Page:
This single-track, EP-length recording was impressive at first listen, got put on the shelf for later review, and ended up staying there longer than expected. This happens when your shelf is virtual and still overflowing.
In any event, the story of the piece’s genesis is almost as interesting as the piece itself. Back in 2005, composer and trumpet player Wadada Leo Smith and electroacoustic sound sculptor Barry Schrader agreed to produce what they referred to as an “overlay” work. Schrader created a graphical score based on Smith’s drawing of how light appears at various depths in the Pacific Ocean, as well as the Chinese concept of Wu Xing in which groups of five related elements are arranged in cycles. While their contributions were performed and recorded individually, the score provided a roadmap of sorts.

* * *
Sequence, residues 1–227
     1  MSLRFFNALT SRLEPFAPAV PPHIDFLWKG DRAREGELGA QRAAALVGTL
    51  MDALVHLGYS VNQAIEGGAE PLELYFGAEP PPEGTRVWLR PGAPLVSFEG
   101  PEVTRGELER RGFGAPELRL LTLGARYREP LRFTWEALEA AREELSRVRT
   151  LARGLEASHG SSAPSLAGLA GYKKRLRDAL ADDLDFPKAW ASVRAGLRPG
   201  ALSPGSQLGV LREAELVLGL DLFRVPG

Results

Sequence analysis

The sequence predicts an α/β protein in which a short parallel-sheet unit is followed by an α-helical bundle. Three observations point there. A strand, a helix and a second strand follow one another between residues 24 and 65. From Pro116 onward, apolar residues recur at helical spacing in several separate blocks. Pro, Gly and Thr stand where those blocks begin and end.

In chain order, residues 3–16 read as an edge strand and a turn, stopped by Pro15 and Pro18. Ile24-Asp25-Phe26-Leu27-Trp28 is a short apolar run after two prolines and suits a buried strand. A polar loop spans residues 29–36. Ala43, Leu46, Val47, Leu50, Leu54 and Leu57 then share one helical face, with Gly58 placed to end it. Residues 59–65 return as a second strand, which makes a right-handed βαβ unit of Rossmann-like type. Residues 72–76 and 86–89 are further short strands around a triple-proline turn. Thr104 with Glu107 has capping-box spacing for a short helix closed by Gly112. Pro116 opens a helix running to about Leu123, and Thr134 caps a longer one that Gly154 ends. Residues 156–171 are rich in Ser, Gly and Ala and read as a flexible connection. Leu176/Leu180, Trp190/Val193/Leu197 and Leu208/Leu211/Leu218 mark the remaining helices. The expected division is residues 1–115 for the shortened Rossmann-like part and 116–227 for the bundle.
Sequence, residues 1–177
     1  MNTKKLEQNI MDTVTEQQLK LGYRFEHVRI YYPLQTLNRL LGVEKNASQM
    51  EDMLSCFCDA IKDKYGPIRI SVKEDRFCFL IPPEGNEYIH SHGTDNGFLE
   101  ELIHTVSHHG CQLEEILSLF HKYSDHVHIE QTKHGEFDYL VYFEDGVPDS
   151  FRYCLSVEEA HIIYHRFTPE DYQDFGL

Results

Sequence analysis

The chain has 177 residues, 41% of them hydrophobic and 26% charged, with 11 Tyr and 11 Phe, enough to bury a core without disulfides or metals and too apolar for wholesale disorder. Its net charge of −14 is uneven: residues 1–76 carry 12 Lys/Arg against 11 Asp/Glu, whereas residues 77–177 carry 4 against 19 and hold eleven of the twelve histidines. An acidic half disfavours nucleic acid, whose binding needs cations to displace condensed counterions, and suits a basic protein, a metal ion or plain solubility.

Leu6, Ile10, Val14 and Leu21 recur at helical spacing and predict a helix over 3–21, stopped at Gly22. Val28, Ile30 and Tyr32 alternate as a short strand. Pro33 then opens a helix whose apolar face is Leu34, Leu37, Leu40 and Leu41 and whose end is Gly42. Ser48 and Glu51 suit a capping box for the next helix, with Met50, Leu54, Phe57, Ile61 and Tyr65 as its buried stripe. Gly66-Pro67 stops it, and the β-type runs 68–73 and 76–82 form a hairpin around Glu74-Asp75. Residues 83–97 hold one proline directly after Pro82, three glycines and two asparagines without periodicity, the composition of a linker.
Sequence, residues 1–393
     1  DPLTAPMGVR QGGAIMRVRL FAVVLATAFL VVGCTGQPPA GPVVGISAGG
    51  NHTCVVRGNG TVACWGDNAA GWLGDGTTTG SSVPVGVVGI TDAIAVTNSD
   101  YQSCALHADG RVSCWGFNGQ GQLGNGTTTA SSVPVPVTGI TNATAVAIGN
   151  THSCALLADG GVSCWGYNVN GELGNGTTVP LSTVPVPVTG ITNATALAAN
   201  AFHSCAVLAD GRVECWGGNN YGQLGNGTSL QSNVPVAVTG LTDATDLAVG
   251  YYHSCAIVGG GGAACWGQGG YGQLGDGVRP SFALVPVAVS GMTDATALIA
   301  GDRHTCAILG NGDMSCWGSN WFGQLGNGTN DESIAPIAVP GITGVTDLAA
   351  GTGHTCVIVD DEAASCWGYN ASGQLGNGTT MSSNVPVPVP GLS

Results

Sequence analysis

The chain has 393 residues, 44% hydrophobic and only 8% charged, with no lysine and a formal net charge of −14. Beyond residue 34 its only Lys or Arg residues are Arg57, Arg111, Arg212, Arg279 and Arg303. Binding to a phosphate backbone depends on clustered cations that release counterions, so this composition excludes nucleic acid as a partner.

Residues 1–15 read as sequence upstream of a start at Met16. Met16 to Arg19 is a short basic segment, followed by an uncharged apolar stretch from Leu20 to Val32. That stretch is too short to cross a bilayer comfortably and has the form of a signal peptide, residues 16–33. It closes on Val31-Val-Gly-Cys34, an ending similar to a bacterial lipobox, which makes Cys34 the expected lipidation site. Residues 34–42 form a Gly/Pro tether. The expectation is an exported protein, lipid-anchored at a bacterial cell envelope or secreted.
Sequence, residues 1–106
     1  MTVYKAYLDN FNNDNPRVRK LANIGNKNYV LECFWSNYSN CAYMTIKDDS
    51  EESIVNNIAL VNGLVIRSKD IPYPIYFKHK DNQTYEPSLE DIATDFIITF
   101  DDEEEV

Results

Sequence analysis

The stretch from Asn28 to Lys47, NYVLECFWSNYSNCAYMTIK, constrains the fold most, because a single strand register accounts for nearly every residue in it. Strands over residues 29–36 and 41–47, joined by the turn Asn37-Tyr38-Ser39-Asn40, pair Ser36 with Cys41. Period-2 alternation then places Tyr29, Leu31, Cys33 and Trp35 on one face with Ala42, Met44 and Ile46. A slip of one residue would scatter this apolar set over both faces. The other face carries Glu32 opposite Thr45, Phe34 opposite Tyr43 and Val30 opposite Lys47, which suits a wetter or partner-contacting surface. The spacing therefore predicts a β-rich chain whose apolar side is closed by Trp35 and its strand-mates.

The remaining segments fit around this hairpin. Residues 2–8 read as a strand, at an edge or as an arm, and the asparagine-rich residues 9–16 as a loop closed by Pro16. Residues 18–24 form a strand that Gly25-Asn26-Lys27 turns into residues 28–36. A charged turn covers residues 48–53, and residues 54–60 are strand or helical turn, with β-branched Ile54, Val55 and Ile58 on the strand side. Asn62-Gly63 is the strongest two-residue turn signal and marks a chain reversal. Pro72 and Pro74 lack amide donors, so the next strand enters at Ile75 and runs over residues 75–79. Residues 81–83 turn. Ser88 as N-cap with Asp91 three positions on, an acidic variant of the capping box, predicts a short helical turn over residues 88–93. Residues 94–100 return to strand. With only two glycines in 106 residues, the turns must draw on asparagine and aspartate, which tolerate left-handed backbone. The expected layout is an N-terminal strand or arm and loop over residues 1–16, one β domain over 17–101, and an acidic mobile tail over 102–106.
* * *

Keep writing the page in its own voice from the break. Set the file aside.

Perhaps the most distinguishing factor of the track is its use of space. This would not be a surprise to anyone familiar with Smith’s style, but Schader adeptly provides a quiet – almost ambient – background. Tones hum and buzz, while gentle percussive elements arise from time to time. Over this Smith provides what is most likely a structured improvisation, with long-held notes in various registers as well as rapid runs. His playing is often textural and discordant, reflecting the dual architectures of nature and philosophy on which the recording is based.